What does the landlord need to do?
Detailed guidance is provided in HSE Guidance referred to above. As landlord controlling premises you need to decide if there are water installations or systems on the premises which may give rise to a risk of Legionella bacteria being present. A risk assessment may be needed. If so, you will need to appoint a competent person to carry out this assessment. Obviously, the larger the premises the greater may be the likelihood of there being a risk of Legionella bacteria being present. However, all residential premises are potentially at risk.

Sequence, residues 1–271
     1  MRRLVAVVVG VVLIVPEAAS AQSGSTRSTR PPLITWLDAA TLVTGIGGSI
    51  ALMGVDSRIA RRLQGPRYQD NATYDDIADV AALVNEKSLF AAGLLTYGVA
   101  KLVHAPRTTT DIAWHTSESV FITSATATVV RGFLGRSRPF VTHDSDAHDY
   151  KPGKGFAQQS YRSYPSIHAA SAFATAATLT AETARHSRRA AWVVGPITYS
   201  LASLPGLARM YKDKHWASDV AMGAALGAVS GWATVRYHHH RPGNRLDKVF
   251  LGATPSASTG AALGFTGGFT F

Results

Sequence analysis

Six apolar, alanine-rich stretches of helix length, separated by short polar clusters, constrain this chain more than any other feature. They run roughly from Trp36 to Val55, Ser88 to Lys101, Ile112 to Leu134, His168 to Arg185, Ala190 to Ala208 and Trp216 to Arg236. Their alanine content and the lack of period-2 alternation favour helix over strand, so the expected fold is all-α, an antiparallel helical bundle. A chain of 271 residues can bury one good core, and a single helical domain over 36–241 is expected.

It is important to identify whether water is stored or recirculated as part of the system if the water temperature in some or all parts of the system is between 20 and 45 degrees and whether there are sources of nutrients for bacteria such as rust, sludge, scale and organic matter. You need to consider whether conditions are present to encourage bacteria to multiply. Is it possible for water droplets to be produced and, if so, whether they can be dispersed, e.g. from showers. Also you need to consider whether any resident or visitor is likely to be more susceptible to infection due to age, illness a weakened immune system etc. and whether they could be exposed to contaminated water droplets. Even if there is no storage of hot or cold water in the system a risk assessment may still be necessary. There can be other factors which increase the risk of Legionnaires Disease e.g. dead legs, shower heads or long runs of pipe work which contain warm water. You can do this by proper design maintenance and operation of the system. Sometimes controls have to be introduced as a result of the assessment.